Challenges With the Current RCB System and Suggested Revisions
One of the challenges in the RCB system is that the calculator requires 2 levels of information (the percentage of the area that is invasive cancer, and the percentage of the cancer that is in situ) to calculate the percentage of the area that is invasive cancer. Many pathologists find this breakdown to be redundant and difficult to ascertain, as they are able to confidently determine in one visual step the proportion of invasive component in an area. Additionally, pathologists are not clear on when not to include the in situ component in the calculation (for example, cases where residual DCIS extends beyond invasive carcinoma and classic lobular carcinoma in situ). Because the inclusion of residual DCIS does not affect the final RCB class or index, the classification of pCR, and, importantly, the outcome of patients, the working group recommends simplifying the RCB calculator to minimize errors (Table 2).
Current AJCC Staging System for Reporting of Treated Tumors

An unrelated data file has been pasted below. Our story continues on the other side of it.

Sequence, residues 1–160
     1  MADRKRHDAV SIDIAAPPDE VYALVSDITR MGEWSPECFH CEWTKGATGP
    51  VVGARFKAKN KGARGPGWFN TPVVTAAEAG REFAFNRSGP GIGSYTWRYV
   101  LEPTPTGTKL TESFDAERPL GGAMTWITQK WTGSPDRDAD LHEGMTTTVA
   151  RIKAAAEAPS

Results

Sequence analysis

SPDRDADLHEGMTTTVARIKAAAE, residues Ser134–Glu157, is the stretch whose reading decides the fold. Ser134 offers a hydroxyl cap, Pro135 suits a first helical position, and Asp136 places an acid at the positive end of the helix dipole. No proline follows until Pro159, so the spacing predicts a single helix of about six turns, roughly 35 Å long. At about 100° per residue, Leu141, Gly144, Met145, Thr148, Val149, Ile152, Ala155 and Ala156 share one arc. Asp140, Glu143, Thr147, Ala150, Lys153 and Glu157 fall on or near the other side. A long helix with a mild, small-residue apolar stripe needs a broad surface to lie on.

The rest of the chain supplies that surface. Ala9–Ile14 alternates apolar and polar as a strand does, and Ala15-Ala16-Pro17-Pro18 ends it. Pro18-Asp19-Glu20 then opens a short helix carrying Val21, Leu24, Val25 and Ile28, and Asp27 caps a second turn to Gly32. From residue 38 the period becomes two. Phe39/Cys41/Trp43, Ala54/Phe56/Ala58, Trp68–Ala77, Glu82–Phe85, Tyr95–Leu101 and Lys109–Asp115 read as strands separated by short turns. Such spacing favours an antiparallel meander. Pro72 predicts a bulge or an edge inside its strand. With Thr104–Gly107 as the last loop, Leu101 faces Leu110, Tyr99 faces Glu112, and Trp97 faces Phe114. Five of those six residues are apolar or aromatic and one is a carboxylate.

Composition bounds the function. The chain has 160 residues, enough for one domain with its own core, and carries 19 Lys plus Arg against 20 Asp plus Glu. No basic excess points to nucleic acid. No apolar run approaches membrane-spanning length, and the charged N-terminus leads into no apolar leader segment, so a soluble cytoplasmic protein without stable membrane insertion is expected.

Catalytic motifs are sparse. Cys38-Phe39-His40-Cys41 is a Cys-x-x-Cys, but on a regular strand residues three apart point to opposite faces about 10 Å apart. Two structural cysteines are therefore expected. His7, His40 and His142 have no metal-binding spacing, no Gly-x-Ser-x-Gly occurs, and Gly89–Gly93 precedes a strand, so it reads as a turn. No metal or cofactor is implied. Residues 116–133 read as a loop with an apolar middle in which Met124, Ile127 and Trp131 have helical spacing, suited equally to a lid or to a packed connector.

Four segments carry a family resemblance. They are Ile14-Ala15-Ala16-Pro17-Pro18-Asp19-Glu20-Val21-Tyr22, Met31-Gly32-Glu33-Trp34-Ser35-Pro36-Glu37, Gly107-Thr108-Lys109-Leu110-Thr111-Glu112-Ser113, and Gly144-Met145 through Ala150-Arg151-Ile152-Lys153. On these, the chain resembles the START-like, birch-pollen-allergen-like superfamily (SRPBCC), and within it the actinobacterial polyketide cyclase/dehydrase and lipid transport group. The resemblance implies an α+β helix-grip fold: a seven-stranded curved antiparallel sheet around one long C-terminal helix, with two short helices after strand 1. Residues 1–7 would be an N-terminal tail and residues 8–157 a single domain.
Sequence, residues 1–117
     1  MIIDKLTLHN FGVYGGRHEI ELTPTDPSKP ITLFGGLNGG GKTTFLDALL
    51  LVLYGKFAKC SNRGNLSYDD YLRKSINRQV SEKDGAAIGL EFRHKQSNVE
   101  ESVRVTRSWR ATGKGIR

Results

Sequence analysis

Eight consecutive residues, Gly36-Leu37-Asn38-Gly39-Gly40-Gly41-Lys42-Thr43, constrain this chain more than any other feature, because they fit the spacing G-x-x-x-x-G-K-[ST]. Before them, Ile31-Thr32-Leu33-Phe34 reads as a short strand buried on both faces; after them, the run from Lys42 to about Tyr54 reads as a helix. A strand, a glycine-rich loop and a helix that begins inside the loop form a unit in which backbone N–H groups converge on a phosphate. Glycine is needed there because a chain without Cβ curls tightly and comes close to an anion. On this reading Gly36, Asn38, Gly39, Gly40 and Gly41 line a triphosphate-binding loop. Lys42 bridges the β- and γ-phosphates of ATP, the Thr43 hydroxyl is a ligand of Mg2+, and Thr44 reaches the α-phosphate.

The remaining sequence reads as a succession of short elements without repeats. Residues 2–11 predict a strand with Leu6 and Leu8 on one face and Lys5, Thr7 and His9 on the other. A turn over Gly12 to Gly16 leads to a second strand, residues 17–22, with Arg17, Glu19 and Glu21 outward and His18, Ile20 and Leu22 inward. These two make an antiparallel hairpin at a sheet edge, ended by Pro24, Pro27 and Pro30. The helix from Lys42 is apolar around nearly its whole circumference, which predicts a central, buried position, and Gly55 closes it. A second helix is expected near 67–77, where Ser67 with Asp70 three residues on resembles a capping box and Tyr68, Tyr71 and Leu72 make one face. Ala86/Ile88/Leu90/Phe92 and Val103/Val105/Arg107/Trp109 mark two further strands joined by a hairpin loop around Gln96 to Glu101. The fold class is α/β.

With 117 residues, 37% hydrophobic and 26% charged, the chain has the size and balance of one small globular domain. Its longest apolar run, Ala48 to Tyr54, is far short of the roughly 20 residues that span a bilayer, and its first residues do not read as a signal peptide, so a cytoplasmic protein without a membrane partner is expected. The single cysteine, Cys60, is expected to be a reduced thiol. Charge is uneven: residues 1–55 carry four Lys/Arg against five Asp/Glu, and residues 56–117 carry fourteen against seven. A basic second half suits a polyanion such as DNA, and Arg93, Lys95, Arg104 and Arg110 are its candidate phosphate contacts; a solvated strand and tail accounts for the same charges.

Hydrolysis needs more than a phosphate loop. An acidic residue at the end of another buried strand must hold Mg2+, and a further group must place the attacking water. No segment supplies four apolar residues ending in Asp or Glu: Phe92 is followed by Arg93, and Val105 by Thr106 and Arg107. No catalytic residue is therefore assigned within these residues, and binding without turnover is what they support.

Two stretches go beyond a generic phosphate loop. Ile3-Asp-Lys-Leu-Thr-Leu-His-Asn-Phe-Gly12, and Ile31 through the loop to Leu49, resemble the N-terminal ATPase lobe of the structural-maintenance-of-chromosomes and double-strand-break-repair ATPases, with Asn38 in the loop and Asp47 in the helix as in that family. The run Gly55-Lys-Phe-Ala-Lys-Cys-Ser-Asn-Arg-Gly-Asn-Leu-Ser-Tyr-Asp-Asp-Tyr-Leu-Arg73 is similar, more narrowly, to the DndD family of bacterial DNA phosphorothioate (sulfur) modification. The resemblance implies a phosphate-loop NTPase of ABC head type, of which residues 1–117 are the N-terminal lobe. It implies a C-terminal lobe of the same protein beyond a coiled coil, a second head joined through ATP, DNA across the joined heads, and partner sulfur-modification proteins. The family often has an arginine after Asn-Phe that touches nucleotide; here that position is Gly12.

First introduced in 1959, the AJCC staging system, currently in its 8th edition, defines the anatomic TNM staging classification based on primary tumor (T), regional lymph nodes (N), and distant metastases (M).36,75 In the 8th edition, the AJCC, for the first time, further defined prognostic stage groups by integrating anatomic stage data with other prognostic factors such as histologic grade, and ER, PR, and HER2 status for breast carcinoma. The 8th edition staging manual establishes postneoadjuvant therapy clinical ycTNM classification (defined by clinical and radiographic findings) and pathologic ypTNM classification (determined by microscopic examination of the primary tumor, any lymph nodes, and any metastatic foci).75,76
Multiple prospective clinical trials have shown that a pCR is associated with significantly improved survival. Presence of residual in situ carcinoma after NCT in the absence of invasive cancer (classified as ypTis) constitutes pCR by AJCC. Clinical trials using this definition have shown no difference in overall survival whether residual DCIS is present or not in the tumor bed.77 When reporting pCR, a grossly identifiable tumor bed confirmed by microscopic examination is sufficient to document pCR. However, the current AJCC staging manual does not provide clear guidance on the pT staging of non-pCR cases. Below we discuss some of the common issues in the current AJCC staging of treated tumors and suggest modifications to consider for the 9th edition to improve clarity and consistency in reporting residual carcinoma after NCT.